After hearing from 20 students, parents and teachers in a packed meeting room, the Wayne Township School Board voted unanimously Monday to ban tobacco products on all school property.
Until now, Wayne Township was the only school district in Marion County without a total tobacco ban. Smoking has been prohibited in all buildings, and students — even those 18 or older — also have not been allowed to smoke.
But smoking was permitted in certain areas.
The board had been expected by some to approve not a tobacco ban, but instead to sign off on language recommended by its attorney to bring the district's policy in line with state law. That would have moved smokers away from entrances but still allowed tobacco use on school grounds.
However, a groundswell of opposition to any tobacco use on school grounds gained momentum, expanding to include other property, such as district vehicles, as well as school events.
I'm a bit surprised that the article didn't include claims that non-smokers were exposed to "dangerous" secondhand smoke as they walked by smokers congregated outside. The claim is nonsense. Epidemiology studies show the risk factor for secondhand smoke to be only around 1.3, far below the 2.0 level considered sufficient to prove causation and far below the 9.0 risk factor involved in smoking cigarettes. The carbon monoxide that fills the air as cars idle at pickups and dropoffs at the schools pose a much greater danger than secondhand cigarette smoke.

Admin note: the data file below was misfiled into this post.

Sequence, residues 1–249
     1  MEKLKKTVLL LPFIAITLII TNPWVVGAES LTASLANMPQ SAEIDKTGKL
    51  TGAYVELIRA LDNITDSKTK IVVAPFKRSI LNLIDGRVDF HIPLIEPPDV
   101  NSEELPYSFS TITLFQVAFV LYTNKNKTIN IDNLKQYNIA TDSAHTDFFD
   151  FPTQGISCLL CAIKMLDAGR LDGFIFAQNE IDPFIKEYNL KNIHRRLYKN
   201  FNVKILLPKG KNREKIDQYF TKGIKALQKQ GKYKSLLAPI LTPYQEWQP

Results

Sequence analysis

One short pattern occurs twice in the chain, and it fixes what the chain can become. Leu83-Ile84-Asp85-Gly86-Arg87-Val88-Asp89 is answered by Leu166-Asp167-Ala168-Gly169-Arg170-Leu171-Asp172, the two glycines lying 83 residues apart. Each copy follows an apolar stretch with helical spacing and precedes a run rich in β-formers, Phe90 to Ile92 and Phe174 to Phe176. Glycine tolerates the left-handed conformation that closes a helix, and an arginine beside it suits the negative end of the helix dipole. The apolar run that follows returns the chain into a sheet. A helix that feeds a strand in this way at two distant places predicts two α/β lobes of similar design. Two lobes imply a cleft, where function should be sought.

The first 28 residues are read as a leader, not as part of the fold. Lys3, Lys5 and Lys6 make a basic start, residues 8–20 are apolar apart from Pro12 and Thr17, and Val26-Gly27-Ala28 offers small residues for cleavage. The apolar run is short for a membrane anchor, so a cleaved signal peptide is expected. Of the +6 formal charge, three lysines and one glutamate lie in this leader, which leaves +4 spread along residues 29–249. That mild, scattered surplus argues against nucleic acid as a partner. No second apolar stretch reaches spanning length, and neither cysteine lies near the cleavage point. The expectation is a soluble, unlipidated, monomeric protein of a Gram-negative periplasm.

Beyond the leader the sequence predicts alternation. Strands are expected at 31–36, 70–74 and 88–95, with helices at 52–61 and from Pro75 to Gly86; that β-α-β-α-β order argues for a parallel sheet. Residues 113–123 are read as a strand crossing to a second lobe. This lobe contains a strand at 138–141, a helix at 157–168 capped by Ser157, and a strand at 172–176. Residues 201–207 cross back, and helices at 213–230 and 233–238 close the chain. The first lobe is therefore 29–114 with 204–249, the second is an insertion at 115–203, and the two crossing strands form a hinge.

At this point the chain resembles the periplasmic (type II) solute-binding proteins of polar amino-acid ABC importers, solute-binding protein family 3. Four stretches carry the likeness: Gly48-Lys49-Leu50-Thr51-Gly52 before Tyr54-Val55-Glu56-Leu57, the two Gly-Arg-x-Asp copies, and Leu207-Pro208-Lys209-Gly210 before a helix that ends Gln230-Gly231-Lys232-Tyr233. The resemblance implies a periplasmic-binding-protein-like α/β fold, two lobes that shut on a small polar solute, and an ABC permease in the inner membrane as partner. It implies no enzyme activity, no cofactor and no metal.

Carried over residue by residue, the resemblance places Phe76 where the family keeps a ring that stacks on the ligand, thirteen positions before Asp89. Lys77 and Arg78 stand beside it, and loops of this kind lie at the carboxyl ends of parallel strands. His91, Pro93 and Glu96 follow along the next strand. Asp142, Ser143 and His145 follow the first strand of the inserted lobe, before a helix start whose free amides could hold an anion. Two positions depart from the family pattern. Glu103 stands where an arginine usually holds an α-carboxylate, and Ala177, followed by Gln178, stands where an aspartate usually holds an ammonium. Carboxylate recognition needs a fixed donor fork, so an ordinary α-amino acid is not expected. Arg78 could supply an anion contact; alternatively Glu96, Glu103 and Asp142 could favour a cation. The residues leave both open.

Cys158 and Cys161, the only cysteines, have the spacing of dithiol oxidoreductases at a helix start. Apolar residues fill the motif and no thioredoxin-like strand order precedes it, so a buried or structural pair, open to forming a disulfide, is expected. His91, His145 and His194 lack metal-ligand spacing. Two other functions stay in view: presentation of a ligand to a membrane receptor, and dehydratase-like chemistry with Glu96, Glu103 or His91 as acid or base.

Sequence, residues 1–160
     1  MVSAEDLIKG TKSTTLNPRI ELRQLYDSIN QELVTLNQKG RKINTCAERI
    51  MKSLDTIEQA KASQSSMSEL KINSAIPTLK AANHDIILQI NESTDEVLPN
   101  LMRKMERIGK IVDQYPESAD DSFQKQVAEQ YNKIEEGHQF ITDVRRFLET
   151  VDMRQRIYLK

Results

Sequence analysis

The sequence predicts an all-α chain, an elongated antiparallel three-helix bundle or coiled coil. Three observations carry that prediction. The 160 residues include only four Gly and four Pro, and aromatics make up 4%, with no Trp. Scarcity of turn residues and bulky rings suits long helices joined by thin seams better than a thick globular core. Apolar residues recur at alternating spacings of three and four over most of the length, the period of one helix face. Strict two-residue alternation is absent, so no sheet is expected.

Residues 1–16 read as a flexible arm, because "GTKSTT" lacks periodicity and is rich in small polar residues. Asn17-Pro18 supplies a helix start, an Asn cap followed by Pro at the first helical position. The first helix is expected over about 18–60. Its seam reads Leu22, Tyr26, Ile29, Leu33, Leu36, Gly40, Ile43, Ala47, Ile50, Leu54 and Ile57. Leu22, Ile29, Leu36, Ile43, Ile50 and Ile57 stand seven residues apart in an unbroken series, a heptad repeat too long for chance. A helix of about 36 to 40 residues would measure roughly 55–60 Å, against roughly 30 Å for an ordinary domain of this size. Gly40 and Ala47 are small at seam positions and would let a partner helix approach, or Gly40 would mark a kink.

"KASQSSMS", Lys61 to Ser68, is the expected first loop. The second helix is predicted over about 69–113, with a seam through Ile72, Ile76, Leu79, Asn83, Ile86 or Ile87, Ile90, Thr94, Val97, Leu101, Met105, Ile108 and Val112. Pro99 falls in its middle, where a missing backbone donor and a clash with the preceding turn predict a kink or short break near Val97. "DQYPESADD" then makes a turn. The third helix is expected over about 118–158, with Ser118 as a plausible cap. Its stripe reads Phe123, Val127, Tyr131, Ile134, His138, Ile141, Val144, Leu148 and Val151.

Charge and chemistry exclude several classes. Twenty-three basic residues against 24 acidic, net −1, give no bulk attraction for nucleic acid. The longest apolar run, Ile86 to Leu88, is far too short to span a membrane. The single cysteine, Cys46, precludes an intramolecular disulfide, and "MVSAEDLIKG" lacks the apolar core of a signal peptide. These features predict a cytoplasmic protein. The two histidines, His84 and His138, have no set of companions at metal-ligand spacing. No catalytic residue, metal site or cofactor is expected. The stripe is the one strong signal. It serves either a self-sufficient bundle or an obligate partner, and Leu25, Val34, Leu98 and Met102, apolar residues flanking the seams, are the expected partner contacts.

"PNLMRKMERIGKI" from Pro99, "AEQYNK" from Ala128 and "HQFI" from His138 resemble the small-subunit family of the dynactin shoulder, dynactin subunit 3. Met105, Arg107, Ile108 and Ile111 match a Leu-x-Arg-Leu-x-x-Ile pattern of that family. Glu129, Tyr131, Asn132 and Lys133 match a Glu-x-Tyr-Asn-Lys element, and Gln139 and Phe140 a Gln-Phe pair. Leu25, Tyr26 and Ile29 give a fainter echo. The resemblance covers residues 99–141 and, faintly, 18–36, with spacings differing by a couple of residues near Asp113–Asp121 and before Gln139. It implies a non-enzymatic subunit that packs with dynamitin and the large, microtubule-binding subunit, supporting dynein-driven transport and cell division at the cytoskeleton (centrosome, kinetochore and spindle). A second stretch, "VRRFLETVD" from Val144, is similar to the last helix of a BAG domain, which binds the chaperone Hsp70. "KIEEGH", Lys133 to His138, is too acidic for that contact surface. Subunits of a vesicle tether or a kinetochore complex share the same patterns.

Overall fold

In related news, the 7th Circuit yesterday upheld Indianapolis smoking ban which was extended in 2012 to include bars. Mark Small was lead counsel for the bar plaintiffs and I acted as second chair on the case.. That may prove to be a short-lived victory, however. Several weeks ago, the Indiana Supreme Court heard oral argument on the Evansville smoking ban. It appeared from the oral argument that the Court is leaning strongly toward striking down the ban because of the inclusion of exceptions in that law, which exceptions Indianapolis' ban also includes. During the oral argument, the focus was on the Privileges and Immunities Clause in Indiana's constitution, a provision that acts in a way similar to the federal equal protection clause but has been interpreted to provide more protection against unequal treatment. Because states have absolute power to interpret their own constitution, an Indiana Supreme Court ruling that the state constitution prohibits smoking bans with exceptions in the Evansville case would likely doom the Indianapolis smoking ban as well.